With their fingers on the musical pulse of the moment, Frisky and Mannish turn the glitzy world of throwaway pop into something to be cherished through pastiche, satire, and lots of laughs. They have already sold out their two dates at Reading’s South Street later this month, but there are still a very few tickets left for Swindon Arts Centre on December 20. And remember - if you have great hair, you too can be a chart topper. Just ask the boys from Razorlight.

  • First published in Newbury Weekly News on Thursday, October 13, 2011

Wednesday, October 26, 2011

Boxing clever - review of Compagnie Luc Amoros, Page Blanche

Page Blanche, presented by Compagnie Luc Amoros, in Newbury Market Place, on Saturday, October 1

IT may in part have been the unexpectedly balmy weather that attracted people in their masses to the Market Place on Saturday evening; but it is becoming increasingly common knowledge that The Corn Exchange’s Outdoor Arts Programme (funded by Greenham Common Trust) are free events not to be missed if at all possible.

Page Blanche involved a high scaffold installation divided into nine boxes, with six continental European artists creating a series of powerful, thought provoking, often intricate pieces of artwork and graffitied prose on plastic sheeting, using paint, etching and printing, only to destroy each piece within seconds, leaving a “blank page on which to start again”; questioning the place of art in the world, and whether it has to be permanent to be important. The painted sheets were in turn ripped off their perspex canvas and flung down to the ground, gathering in a colourful pile, as the artists themselves - five women and one man - became daubed in the paint as the hour progressed.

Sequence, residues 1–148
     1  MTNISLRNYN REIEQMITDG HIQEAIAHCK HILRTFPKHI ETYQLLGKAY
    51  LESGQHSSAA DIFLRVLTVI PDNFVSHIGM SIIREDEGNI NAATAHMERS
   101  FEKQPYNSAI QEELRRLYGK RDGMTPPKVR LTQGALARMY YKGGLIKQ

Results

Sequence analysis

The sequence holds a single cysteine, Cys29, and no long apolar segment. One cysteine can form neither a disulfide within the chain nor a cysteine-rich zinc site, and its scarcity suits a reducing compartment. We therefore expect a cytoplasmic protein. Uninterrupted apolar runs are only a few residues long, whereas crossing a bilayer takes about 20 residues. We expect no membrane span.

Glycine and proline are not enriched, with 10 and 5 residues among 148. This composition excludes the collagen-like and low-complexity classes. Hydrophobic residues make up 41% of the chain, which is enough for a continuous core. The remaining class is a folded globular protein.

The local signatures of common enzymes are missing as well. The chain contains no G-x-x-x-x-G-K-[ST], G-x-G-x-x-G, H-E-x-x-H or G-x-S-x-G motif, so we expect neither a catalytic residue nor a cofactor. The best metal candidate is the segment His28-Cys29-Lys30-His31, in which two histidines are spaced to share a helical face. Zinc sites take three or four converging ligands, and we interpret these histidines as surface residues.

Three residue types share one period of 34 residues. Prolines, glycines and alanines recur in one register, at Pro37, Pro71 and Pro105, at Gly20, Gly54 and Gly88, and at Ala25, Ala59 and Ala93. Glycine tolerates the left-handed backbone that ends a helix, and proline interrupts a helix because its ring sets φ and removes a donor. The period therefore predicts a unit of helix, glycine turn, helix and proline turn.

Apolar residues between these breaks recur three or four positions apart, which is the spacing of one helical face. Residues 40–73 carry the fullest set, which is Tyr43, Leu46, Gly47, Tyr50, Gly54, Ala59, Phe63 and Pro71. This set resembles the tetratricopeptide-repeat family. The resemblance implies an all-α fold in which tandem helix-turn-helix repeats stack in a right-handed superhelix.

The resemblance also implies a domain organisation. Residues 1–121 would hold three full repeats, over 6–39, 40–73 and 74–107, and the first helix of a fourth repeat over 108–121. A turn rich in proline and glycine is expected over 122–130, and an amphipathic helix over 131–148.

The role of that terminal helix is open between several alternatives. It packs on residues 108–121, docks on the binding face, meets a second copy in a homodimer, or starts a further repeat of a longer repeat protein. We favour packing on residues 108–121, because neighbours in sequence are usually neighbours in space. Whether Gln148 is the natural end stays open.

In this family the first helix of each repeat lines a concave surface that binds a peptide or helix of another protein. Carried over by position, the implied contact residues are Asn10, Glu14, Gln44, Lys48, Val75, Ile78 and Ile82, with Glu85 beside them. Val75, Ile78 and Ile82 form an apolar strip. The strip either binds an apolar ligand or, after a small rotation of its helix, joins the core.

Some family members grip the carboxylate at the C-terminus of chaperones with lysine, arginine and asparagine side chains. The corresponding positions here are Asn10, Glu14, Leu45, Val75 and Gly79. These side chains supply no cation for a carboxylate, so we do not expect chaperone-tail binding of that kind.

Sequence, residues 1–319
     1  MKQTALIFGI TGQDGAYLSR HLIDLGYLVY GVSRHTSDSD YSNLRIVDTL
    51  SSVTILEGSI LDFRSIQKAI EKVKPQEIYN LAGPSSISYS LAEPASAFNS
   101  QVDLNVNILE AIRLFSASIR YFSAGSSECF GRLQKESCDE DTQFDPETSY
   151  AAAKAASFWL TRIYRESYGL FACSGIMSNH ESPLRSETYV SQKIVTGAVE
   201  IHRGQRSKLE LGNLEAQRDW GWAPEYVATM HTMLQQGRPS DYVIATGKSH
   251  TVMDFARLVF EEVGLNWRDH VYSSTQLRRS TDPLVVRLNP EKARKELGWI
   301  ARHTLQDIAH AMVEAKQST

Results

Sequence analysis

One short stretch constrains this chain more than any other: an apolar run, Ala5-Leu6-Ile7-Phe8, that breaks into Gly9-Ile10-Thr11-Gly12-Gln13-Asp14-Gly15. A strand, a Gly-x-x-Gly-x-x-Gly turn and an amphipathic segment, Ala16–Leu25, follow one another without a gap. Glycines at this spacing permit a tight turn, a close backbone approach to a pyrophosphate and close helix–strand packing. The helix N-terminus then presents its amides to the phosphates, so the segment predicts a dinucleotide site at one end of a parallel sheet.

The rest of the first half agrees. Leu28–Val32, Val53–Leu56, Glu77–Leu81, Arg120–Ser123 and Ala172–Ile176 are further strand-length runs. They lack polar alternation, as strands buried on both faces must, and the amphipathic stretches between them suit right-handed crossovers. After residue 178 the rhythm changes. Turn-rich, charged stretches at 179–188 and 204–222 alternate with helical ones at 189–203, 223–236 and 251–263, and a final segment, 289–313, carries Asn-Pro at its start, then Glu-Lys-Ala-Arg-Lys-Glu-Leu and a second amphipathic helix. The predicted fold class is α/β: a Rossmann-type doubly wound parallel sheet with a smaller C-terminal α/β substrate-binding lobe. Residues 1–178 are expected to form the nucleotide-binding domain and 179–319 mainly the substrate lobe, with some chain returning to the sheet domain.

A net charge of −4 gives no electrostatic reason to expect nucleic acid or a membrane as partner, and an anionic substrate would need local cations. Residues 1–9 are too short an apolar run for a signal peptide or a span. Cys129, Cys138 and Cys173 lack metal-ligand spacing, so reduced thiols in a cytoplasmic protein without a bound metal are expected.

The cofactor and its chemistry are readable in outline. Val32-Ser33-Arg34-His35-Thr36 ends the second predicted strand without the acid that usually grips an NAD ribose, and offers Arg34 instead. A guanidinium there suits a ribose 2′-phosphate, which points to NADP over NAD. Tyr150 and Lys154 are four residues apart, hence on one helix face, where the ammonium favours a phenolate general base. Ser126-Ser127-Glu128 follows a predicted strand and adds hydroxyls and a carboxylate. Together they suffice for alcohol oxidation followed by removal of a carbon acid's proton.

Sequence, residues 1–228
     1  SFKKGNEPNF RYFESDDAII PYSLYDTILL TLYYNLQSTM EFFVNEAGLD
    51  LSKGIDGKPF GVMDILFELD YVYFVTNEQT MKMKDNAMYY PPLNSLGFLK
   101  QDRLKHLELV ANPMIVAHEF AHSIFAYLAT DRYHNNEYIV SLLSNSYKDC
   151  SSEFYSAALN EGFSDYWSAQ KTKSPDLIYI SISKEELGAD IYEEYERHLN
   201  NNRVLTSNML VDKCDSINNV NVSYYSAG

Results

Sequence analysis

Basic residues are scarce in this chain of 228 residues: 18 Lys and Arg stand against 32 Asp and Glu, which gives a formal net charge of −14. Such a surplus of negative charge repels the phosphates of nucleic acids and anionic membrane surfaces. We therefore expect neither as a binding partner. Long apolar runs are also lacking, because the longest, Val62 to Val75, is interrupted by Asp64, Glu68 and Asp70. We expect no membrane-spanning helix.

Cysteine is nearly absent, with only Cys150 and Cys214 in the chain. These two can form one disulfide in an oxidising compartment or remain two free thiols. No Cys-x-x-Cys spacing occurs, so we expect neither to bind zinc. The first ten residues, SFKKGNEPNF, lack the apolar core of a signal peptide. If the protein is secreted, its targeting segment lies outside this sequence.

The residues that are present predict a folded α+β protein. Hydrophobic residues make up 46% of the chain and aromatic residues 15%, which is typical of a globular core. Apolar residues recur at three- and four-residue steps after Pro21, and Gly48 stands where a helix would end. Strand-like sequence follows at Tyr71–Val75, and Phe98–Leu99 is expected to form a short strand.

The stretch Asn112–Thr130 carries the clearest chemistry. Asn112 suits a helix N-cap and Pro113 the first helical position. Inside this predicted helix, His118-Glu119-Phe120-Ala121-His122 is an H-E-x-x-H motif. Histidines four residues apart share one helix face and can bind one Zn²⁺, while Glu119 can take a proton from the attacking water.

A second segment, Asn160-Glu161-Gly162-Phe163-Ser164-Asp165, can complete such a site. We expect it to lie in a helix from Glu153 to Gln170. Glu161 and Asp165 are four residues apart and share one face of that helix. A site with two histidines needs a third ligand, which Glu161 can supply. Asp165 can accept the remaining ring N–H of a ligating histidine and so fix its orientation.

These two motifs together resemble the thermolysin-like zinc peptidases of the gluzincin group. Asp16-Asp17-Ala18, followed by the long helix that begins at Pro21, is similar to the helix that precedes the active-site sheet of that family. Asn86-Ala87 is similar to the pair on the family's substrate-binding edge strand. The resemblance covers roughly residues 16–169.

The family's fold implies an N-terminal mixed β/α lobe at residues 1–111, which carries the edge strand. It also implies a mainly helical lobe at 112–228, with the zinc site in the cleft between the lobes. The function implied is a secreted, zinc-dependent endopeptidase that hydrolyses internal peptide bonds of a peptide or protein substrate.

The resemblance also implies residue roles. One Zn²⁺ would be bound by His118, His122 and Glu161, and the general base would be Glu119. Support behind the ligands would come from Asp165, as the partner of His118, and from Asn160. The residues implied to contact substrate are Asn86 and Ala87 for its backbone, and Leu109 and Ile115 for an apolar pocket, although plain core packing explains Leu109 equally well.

As they worked with intensity and urgency, the six artists chanted, danced, drummed and sang, accompanied by a double bassist, using live looping the music and singing to create an aural tapestry as complex as the creations appearing on the canvas. Indeed, this may have been fast art, but it was far from simple; there were many “can you tell what it is yet?” moments as each artist worked on different levels of the scaffold to reveal the cohesive whole on an epic scale.

Much of the artwork and its presentation had a point to make about various atrocities through human history, although the subtlety and cleverness of some of the images - a “carved” mandala depicting the wiping out of an Orinoquian tribe, where the weapons were the last part to appear - was not always reflected by the bluntness of the words, both written and oral. Some interesting points were made, but to me, comparing taking children to see celebratory fireworks to the horror of the atomic bomb seemed a little harsh.